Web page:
Creating an Inclusive Culture of Belonging in a Remote Workplace

Creating an inclusive culture in a remote workplace

The worldwide distribution of coronavirus vaccines has begun, but it seems as if remote work is here to stay.

Here at WellRight, we’ve let our employees know we plan to stay fully remote through at least September 2021. Major employers, such as Google, have done the same.

Working from home during the pandemic has helped keep employees safe and healthy—and even after the virus finally recedes, many employees will want to continue working remotely because of the work-life flexibility it affords.

But for all its benefits, a remote workforce may make it more difficult to foster the sense of belonging that is so critical to building an inclusive workplace culture.

What Is Belonging?

In July, we wrote about integrating diversity, equity, and inclusion (DEI) into your corporate wellness program. DEI is a common framework companies use to create a welcoming environment for people with less-privileged identities and backgrounds.

In our article, we defined “inclusion” as meaning “not just having a diverse workforce but also a workforce in which every member feels like a full participant.”

At first glance, that definition would seem to imply “belonging.” But the two concepts are subtly different in crucial ways. Belonging is a human need. We all yearn to feel accepted for who we are. Inclusion helps fill that need.

“When employees are truly included, they perceive that the organization cares for them as individuals, their authentic selves,” says Gartner Managing Vice President Lauren Romansky in an article on building belonging in the workplace.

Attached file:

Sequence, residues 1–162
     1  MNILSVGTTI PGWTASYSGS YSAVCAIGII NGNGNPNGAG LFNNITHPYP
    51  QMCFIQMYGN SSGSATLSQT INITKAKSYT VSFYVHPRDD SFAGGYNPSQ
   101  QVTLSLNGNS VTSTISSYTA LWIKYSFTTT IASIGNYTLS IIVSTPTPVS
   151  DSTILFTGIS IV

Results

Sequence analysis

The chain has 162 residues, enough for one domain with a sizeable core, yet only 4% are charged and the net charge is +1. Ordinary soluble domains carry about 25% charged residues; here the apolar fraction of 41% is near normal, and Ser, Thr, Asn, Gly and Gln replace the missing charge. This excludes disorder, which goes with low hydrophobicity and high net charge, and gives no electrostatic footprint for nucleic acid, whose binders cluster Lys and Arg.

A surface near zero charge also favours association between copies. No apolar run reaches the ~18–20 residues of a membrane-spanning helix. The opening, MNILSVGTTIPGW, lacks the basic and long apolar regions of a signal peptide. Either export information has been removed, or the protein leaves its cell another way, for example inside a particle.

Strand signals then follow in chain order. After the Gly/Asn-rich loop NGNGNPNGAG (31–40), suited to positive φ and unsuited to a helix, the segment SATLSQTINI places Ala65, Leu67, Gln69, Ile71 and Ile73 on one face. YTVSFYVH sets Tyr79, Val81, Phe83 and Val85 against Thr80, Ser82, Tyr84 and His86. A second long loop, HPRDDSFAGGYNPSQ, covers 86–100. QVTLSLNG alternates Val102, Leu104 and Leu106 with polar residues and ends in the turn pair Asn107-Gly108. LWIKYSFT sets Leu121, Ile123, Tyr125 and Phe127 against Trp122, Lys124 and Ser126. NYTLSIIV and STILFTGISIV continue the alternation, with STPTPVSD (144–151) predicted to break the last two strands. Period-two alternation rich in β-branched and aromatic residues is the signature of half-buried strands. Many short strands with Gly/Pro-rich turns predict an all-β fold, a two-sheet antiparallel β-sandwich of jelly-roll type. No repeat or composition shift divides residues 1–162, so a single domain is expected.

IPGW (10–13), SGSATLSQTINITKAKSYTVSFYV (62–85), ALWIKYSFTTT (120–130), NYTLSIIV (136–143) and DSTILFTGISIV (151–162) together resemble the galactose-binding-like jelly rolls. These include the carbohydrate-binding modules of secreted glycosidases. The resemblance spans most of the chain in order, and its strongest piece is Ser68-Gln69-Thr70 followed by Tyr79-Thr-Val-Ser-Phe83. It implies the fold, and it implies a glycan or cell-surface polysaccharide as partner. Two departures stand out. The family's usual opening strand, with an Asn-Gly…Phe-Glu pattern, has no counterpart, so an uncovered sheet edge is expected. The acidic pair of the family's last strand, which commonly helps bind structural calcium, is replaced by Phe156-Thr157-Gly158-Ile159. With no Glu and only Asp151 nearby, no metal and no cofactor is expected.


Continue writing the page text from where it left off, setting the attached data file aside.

Innovation consultant Krys Burnette places belonging at the center of a diagram where inclusion, equity, and diversity overlap. In other words, belonging is what people feel when their employers genuinely accept and include them equally in every possible sense.

venn-diagram(image source)

“Belonging is the outcome of holding space where everyone truly feels empowered to speak up, make change, and shift the culture,” Burnette writes.

Why Belonging Matters

Helping your employees feel a sense of belonging at work is both the right thing to do and a reward all its own. But there is a business case to be made for belonging, as well.

When employees feel that they belong, they tend to be more engaged, productive, and satisfied with their work. This can translate into tangible bottom-line benefits.

According to Gartner, organizations with sustainable diversity and inclusion strategies (which are key for creating an inclusive culture of belonging) see:

  • A 6.2% increase in on-the-job effort.
  • A 5% increase in employees’ intent to stay with the organization.
  • A nearly 3% increase in individual employee performance.

Methods for Promoting Belonging in Remote Work Environments

Traditionally, managers and co-workers build belonging by getting to know and understand each other through in-person interactions, such as dropping by a colleague’s workspace to check-in, informal chats over coffee, and work-sponsored social gatherings. None of this is possible with all your employees working from home and the COVID-19 pandemic preventing human contact.

Work isn’t just a source of income for most people; it’s a critical social support. As the pandemic drags on, feelings of isolation and loneliness are on the rise among workers, leading to higher rates of depression and other mental health issues. Productivity and engagement also suffer.

What can you do as an employer to help your remote employees feel like they belong?

Here are a few suggestions:

Bring Your Team Together (Remotely) to Achieve a Shared Wellness Challenge

Teamwork is a time-honored technique for uniting diverse groups. Few experiences bring people together more effectively than triumphing over a shared challenge.

An annual wellness challenge is an excellent way to engage all your employees—from senior management to entry-level workers—in a collaborative project. Popular options include walking a certain number of steps over a month, covering a certain distance, or exercising for a certain amount of time. But feel free to get creative!